Like most folks I, too often, let minor things annoy me and do my share of grumbling. But then...I drive past the large fortress of a prison up the road a ways and give thanks neither I nor a loved one is in residence there. I observe a severely disabled woman laboriously crossing the street and give thanks my minor aches and pains are reminders I am able to walk about on my own two feet. I see a man riding his ramshackle bicycle in the pouring rain and give thanks for the expensive gasoline I can pump into my car. I pass by a cemetery where a graveside service is underway and give thanks for the dirt my husband tracks into the house.

Everywhere I look, whether in my own neighborhood or across the world via TV and the Internet, I am reminded of just how fortunate I am. It really is all a matter of perspective and Thanksgiving is a good opportunity to remember that universal fact. 

Have a good couple weeks, dear Reader. Thanks for stopping by...y'all come back now! (And keep counting your blessings.)

Kate



Wednesday, November 11, 2015

Witch Way to Enter the House...and where to store your broom

"Witches Hut" photo by Sunblade 1500 via Wikimedia Commons
Today I am writing this post to the sound of workers installing a new front entry door on our old house. Since most everything about our century-plus-old Buttercup Cottage is just a wee bit crooked and out of plumb, installing a twenty-first century door is like pounding the proverbial square peg into the round hole. It can be done but it takes a lot of time, creativity, and a fair dose of stubborn willpower. So...drawing from this inspiration, I researched the role of doors in legend, lore, and superstition. I ran across a wonderful resource in the form of a book you can read online:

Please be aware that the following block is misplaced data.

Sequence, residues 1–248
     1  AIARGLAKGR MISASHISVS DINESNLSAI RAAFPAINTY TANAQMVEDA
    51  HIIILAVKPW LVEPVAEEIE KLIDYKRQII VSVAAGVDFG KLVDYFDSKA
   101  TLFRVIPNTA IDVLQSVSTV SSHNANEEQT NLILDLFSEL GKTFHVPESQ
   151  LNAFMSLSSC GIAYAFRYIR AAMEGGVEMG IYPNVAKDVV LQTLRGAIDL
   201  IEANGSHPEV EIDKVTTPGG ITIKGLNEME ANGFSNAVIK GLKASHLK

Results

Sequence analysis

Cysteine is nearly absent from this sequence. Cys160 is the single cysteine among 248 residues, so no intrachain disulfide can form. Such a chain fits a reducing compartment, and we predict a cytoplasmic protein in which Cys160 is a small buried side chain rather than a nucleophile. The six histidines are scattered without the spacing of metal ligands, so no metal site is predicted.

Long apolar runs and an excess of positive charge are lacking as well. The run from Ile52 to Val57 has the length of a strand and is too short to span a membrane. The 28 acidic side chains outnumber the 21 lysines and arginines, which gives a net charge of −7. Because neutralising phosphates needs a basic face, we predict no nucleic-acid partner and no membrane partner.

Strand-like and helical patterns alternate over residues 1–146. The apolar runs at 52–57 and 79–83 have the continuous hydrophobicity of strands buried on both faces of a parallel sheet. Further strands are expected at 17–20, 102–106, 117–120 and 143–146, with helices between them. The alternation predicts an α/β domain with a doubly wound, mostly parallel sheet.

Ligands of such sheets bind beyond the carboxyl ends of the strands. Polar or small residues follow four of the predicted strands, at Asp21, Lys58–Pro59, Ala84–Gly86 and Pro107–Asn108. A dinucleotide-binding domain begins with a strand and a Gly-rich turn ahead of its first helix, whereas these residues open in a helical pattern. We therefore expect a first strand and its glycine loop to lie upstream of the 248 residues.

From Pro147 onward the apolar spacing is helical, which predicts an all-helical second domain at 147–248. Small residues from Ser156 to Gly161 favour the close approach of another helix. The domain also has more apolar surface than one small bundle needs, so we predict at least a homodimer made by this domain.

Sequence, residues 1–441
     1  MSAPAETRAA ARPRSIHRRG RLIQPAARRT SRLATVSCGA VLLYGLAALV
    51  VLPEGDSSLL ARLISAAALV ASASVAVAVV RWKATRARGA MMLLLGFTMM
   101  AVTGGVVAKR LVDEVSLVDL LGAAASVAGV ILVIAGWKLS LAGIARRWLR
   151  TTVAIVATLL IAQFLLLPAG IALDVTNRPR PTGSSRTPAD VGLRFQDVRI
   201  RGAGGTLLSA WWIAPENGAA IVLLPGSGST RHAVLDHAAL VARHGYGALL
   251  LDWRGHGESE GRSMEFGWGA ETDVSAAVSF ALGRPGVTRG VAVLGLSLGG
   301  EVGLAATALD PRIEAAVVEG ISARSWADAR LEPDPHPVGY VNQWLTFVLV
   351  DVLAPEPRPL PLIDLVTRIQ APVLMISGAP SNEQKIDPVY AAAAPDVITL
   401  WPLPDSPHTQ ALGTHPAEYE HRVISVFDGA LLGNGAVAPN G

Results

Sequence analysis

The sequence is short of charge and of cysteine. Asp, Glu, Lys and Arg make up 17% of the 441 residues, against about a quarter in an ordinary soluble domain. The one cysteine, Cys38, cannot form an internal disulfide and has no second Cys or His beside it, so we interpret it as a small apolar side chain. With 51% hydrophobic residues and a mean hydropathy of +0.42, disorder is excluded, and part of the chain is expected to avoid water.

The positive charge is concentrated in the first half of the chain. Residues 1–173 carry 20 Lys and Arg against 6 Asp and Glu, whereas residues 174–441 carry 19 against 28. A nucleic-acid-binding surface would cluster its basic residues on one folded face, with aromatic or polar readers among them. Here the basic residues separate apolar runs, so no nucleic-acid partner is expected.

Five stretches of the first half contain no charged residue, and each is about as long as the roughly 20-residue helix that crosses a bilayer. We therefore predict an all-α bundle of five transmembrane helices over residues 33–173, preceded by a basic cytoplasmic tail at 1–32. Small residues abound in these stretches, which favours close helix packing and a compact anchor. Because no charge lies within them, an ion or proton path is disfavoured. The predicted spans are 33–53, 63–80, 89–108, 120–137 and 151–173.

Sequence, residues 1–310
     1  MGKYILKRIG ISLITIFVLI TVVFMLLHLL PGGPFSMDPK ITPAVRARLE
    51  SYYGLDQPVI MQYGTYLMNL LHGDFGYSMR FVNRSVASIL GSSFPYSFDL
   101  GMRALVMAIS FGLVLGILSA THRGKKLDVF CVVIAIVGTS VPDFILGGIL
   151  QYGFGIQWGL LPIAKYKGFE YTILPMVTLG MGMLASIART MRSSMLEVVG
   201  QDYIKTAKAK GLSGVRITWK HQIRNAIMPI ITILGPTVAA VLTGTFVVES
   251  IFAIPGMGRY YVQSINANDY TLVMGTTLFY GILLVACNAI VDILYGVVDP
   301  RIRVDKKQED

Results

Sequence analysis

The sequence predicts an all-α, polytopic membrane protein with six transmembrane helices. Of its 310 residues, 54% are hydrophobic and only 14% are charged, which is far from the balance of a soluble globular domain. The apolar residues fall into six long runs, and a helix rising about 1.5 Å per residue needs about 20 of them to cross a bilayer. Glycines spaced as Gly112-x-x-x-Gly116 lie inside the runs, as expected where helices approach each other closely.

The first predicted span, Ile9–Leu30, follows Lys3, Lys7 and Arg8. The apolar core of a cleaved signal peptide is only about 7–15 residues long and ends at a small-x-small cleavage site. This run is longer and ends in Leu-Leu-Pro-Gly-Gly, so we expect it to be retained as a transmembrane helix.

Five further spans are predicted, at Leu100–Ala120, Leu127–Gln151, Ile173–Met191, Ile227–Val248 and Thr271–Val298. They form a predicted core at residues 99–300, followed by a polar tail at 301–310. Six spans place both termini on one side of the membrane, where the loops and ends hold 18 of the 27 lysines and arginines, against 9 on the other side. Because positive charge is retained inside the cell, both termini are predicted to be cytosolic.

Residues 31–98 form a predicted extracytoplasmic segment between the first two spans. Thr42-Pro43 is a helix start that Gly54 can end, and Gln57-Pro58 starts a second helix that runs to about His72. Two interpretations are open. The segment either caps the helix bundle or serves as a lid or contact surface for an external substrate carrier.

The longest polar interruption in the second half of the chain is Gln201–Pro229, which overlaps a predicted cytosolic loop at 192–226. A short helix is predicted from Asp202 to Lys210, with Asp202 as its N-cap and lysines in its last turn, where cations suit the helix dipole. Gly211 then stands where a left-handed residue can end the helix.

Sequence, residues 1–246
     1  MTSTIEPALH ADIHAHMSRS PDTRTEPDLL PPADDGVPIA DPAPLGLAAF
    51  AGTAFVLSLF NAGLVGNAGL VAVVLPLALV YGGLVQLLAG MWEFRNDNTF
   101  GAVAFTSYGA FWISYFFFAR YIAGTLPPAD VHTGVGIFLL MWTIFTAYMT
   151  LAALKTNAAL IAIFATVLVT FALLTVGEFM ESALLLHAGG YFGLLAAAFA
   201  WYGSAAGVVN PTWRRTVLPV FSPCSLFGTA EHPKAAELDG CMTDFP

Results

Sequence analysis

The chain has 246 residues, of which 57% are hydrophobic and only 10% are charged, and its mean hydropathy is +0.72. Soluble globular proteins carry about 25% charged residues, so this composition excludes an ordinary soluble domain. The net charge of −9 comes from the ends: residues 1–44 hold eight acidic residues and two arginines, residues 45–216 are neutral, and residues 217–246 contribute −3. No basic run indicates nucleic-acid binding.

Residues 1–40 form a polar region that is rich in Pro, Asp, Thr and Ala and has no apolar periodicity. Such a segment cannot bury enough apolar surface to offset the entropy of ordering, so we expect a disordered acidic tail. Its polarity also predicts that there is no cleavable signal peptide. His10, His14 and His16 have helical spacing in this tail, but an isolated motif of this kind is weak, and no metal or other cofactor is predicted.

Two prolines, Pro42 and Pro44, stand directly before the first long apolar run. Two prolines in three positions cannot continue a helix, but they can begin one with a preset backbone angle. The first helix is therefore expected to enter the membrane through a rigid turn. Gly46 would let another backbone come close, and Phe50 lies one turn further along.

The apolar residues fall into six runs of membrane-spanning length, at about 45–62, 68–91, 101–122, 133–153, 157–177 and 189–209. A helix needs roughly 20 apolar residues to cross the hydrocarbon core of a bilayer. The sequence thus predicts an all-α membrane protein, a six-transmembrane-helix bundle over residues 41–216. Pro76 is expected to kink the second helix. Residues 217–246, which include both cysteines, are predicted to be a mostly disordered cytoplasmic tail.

The Frank C. Brown Collection of North Carolina Folklore-- Popular Beliefs and Superstitions from North Carolina. Duke University Press, 1964.

https://books.google.com/booksid=Oudc1sjV6cgC&printsec=frontcover#v=onepage&q&f=false

Read and heed these important rules relating to home doorways. There is a surprising number of rules involving witches. Apparently North Carolina witches are a particularly wicked group. Not one word about witches bringing good luck or granting wishes. 
"Broom" photo by Schmidti via Wikimedia Commons

Hang onto your hats. Here we go!

--"If you want to keep witches away, lay a straw broom in the doorway."
     -Don't leave a broom propped up beside the door because a witch might take it to ride on.
     -If you have a witch in your house, lay a broom in the doorway and she can't budge.
     -Apparently, witches can enter your house by stepping over the broom so if you visit a neighbor and see a broom in the doorway, don't step over it or you might be accused of witchcraft. (Yes, it seems to negate the whole witch-barring-doorway-broom thing to me too.)